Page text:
493 F2d 1350 Tanner v. United States
493 F.2d 1350
Ulysses TANNER, Petitioner-Appellant,
UNITED STATES of America, Respondent-Appellee.
No. 73-3594 Summary Calendar.*
United States Court of Appeals, Fifth Circuit.
May 16, 1974.
Ulysses Tanner, pro se.
Gerald J. Gallinghouse, U.S. Atty., Mary Williams Cazalas, Asst. U.S. Atty., New Orleans, La., for respondent-appellee.
Before WISDOM, GOLDBERG and GEE, Circuit Judges.
On January 24, 1972, petitioner Tanner entered a plea of guilty to distribution of a controlled narcotic in violation of 21 U.S.C. Sec. 841(a)(1) and received a term of ten years imprisonment. At the time of sentencing the trial court neglected to impose the special parole term required for such offenses by 21 U.S.C. Sec. 841(b)(1)(A).1 On March 28, 1973, the sentencing court moved to correct this error and, in the absence of petitioner and his counsel, amended the original judgment and commitment to provide for a special parole term of six years. Petitioner brought the present action under 28 U.S.C. Sec. 2255 challenging that alteration of his sentence on two bases: (1) that the imposition after sentencing of a special parole term is prohibited by the Fifth Amendment's guarantee against double jeopardy and (2) that the due process clause of the Fifth Amendment and Rule 43 of the Federal Rules of Criminal Procedure require the presence of the defendant and his counsel whenever a sentence is made more burdensome. The district court denied petitioner a hearing and refused to vacate the entire parole period, but reduced the term of three years, the statutory minimum.
Petitioner's arguments on both the fact of additional punishment and the manner of its imposition are squarely controlled by the recent decision of this Court in Caille v. United States, 5 Cir. 1973, 187 F.2d 614. In that case the trial judge when sentencing a defendant for violation of 21 U.S.C. Sec. 841(a)(1) had also inadvertently omitted from his judgment the mandatory special parole term. The court moved subsequently to amend the judgment in order to add the parole provision without benefit of the defendant's presence. In response to the allegation of "double jeopardy," construed as a claim that due process forbade such an assessment of punishment in two stages, we held that "(defendant) is not entitled to relief on the grounds that he was 'sentenced twice.' When the mandatory special parole term provided by 21 U.S.C.A. Sec. 841(b)(1)(A) had not been imposed, it had a duty to comply with the statute." 487 F.2d at 615.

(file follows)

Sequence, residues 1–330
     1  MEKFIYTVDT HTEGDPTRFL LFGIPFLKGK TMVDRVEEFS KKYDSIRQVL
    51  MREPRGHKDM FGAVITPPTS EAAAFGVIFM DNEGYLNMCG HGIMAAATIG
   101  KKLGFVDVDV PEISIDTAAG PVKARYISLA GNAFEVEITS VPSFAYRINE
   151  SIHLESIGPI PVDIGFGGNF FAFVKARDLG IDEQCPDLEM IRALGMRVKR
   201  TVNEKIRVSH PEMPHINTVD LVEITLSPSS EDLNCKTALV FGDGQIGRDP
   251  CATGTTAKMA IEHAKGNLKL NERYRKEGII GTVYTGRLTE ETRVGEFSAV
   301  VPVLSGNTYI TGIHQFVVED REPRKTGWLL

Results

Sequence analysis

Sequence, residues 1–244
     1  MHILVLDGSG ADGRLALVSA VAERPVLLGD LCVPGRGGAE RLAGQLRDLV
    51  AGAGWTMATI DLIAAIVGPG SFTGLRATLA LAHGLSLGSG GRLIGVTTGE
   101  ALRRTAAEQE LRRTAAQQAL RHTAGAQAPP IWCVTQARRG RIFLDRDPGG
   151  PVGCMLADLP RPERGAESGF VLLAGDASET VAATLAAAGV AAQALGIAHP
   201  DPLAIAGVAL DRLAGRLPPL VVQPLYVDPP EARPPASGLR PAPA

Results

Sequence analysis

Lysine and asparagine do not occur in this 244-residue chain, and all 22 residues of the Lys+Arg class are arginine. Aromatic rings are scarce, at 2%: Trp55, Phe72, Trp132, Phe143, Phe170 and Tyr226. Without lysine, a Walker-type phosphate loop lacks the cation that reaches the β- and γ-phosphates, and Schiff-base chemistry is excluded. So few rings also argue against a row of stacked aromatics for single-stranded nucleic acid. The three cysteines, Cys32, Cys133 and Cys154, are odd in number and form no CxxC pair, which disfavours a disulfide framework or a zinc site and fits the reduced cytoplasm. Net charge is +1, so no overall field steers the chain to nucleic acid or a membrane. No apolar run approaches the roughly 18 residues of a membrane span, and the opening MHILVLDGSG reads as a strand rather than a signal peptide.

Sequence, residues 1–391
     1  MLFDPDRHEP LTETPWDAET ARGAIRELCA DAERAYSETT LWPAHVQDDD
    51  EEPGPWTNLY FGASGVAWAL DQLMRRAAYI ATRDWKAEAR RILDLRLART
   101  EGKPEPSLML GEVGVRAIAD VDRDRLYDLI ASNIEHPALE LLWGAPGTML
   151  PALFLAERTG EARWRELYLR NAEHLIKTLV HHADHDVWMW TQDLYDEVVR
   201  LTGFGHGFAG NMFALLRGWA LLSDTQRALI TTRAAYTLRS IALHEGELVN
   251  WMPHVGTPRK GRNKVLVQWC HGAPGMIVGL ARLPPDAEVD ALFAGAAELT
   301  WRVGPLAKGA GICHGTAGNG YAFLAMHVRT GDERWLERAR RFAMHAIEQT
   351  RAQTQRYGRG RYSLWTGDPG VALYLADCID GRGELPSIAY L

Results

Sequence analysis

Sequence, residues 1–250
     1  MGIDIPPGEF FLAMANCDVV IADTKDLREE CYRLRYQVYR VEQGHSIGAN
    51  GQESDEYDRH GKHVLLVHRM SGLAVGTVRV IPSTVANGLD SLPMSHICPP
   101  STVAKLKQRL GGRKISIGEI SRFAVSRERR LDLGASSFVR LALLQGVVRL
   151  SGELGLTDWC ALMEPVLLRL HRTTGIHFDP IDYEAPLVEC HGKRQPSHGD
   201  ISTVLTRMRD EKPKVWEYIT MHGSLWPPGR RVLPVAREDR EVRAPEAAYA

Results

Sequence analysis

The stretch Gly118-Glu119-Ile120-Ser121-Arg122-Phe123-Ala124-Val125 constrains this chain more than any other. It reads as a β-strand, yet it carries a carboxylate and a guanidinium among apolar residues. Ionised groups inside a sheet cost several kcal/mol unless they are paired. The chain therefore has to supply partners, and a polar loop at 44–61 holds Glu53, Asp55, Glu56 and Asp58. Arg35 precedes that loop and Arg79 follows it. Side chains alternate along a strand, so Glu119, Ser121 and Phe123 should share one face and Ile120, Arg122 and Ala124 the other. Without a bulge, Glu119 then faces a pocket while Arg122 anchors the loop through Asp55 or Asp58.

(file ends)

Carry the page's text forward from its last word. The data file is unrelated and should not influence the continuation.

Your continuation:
We found greater merit, however, in the contention presented by Caille and raised here by Tanner that Rule 43 of the Federal Rules of Criminal Procedure requires a defendant's presence at the time the parole term is annexed to the core sentence.
"It is clear to us that addition of the three-year special parole term made the new sentence more onerous than it was previously. Accordingly, the appellant has the right to be present at such resentencing, in compliance with the relevant provision of Rule 43. (citations omitted)
"The district court apparently was of the opinion that appellant need not be present because the special parole term imposed was the minimum authorized by the statute. In our view, however, imposition of the special parole term was not merely a ministerial act. If the district court had been aware at the time of sentencing that the special parole term must be imposed, it may well be that a shorter prison term would have been awarded. On remand that course will be open to the district court." 487 F.2d at 616-617.
In line with the holding in Caille, we reverse the judgment below insofar as it held that petitioner was not entitled to be present at the time his sentence was amended. This cause is remanded to the district court with directions to resentence petitioner in proceedings at which he shall be present and represented by counsel if he wishes. In this appeal petitioner has also pressed several attacks on the legality of the resentencing that he did not argue to the district court. In the exercise of its discretion this Court does not ordinarily consider matters raised for the first time on appeal, see Davis v. United States, 5 Cir. 1970, 424 F.2d 1061; on remand, however, petitioner is to be permitted the opportunity to amend his Sec. 2255 motion to include all of the additional grounds for relief urged here.
Reversed and remanded.
*Rule 18, 5 Cir.; see Isbell Enterprises, Inc. v. Citizens Casualty Co. of New York et al., 5 Cir., 1970, 431 F.2d 409, Part I.
21 U.S.C. Sec. 841(b)(1)(A) provides in relevant part that:
"Any sentence imposing a term of imprisonment under this paragraph shall, in the absence of . . . a prior conviction impose a special parole term of at least 3 years in addition to such term of imprisonment . . . ."